Customer Care Series: Turning Customer Rage Into Opportunities
Has the customer service experience become less painful? Absolutely not according to some recent research. In fact, research from the National Customer Rage Study out of Arizona State University reveals that satisfaction with service is at similar levels as seen in the 1970s. With the millions of dollars organizations are spending on customer service technology and systems, call centers, etc. why does superior customer care remain so elusive?
Upon closer review of the customer experience, companies are doing many things reasonably well by providing consumers easier access to products and services, and providing automated systems and other easy online support networks. The problem appears to be in complaint management.
Most can relate to the following fairly well: When a problem arises you want to resolve it as quickly as possible. If not, your frustration increases until it’s “fixed.” With that said, what happens to you when it takes three to four attempts (the average according to the Arizona State study) to contact the company and get the problem resolved? Your frustration turns to anger and eventually, for some, into rage. When people reach this level of emotionality, 6% use profanity and 25% just start yelling. What is a service rep to do? This is the crucial question.
Unfortunately, most service reps are ill equipped to handle this type of reaction. It takes understanding and skill to effectively deal with a customer who is emotionally hijacked. Trying to reason or explain your way through this emotional chaos is only going to increase the customer’s frustration. At this moment, it is imperative that service reps empathically listen and respond accordingly. Yet, service reps have often not had training in this area. In the end, 59% of customers decide never to do business with the company again and proceed to tell the story to 15 people, all of which has a considerable effect on a company’s bottom line.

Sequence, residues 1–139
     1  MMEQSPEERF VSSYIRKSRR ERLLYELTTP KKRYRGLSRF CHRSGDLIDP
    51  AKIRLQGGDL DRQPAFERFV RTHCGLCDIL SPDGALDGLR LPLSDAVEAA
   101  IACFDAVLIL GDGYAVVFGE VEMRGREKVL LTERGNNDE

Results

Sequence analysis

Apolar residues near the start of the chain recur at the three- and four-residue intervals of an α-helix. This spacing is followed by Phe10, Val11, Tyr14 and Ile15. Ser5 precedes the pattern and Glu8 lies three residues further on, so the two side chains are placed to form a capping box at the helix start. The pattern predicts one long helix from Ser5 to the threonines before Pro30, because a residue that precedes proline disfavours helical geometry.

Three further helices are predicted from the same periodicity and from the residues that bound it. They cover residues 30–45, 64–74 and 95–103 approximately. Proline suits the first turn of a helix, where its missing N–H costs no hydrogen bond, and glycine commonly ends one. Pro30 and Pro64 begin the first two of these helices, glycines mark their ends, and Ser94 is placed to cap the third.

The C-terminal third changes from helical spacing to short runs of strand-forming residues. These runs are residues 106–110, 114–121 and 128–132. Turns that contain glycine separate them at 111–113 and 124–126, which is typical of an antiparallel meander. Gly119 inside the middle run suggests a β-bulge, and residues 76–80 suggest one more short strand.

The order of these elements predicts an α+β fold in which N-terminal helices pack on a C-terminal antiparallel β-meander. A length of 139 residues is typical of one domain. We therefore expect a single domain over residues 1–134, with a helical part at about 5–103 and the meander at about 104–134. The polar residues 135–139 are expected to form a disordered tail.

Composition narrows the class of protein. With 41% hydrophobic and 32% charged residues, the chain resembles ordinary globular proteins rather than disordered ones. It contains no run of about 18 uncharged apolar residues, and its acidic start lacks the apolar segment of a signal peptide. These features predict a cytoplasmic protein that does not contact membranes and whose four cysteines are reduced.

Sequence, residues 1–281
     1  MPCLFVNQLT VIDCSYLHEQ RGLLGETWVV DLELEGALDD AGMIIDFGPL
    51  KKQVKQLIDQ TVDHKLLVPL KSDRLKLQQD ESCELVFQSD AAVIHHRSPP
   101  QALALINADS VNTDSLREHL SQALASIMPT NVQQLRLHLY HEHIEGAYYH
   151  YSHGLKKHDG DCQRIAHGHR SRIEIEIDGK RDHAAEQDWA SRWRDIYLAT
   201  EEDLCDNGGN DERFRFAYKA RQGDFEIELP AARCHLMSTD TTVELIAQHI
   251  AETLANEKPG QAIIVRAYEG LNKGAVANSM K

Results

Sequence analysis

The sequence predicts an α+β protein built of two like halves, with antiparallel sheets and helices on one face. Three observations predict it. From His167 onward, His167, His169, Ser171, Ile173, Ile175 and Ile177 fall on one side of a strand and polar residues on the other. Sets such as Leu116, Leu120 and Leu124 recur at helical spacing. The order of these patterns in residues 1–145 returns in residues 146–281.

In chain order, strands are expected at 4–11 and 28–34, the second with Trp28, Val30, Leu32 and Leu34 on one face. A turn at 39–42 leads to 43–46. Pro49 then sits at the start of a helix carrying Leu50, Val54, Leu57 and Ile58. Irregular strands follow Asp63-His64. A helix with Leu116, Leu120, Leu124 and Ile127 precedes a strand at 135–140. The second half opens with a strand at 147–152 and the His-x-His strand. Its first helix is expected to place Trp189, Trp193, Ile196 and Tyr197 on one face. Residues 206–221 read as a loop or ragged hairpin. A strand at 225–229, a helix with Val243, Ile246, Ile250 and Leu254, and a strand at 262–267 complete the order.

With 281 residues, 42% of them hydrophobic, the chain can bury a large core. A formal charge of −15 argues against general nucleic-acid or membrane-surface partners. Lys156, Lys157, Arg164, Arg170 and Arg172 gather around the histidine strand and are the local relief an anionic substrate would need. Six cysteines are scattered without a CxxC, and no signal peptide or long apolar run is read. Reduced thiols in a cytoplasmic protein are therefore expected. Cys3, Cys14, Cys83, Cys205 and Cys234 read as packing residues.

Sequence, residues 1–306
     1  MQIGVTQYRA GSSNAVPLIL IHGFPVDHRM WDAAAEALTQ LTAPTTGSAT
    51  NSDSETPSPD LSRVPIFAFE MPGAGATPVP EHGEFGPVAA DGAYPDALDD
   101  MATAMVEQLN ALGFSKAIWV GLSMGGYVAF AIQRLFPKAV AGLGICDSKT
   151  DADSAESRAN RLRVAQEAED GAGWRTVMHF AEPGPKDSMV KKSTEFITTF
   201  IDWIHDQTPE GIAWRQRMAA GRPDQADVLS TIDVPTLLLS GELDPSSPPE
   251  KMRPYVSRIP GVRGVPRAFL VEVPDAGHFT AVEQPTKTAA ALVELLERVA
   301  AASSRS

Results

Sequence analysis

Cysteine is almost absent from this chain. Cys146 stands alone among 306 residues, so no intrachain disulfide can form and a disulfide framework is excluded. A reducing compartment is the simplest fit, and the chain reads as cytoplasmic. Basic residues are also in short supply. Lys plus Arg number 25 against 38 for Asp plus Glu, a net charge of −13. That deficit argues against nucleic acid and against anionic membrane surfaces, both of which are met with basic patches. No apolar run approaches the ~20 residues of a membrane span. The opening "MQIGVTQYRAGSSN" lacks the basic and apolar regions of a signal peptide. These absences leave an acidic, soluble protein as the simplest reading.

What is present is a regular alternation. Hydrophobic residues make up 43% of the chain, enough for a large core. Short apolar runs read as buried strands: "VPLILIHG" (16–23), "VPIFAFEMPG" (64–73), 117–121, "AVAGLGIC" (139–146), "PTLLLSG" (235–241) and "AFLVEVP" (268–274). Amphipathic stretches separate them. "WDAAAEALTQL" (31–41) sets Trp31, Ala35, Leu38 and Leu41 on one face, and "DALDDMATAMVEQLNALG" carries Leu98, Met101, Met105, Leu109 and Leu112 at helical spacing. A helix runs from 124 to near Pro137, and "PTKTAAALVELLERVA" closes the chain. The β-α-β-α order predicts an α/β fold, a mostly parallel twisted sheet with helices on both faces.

Turn that rage into an opportunity for a superior customer experience by:
• Allowing the person to vent their anger as you listen respectfully — do not defend yourself
• Paraphrase: “After the third time of not working correctly, you just lost it.”
• Demonstrate empathy by recognizing and validating their feelings about the situation: “That had to be frustrating when it kept malfunctioning.”
Customer care is a people issue. Technology and creative systems are extremely useful and have their place in the overall customer experience. However, customer service always boils down to the transaction between people. For small- and medium-size companies that can’t afford high-level technology, focus on your greatest asset — your employees. Provide them with the training, skills and tools necessary to manage complaints. When up to 59% of customers turn their back on companies that treat them poorly, can you really afford to do otherwise?
— Keith Levick, Ph.D., is the CEO of Goren and Associates, a corporate education/training/executive coaching firm; and the Associate Publisher of Customer Care News magazine.
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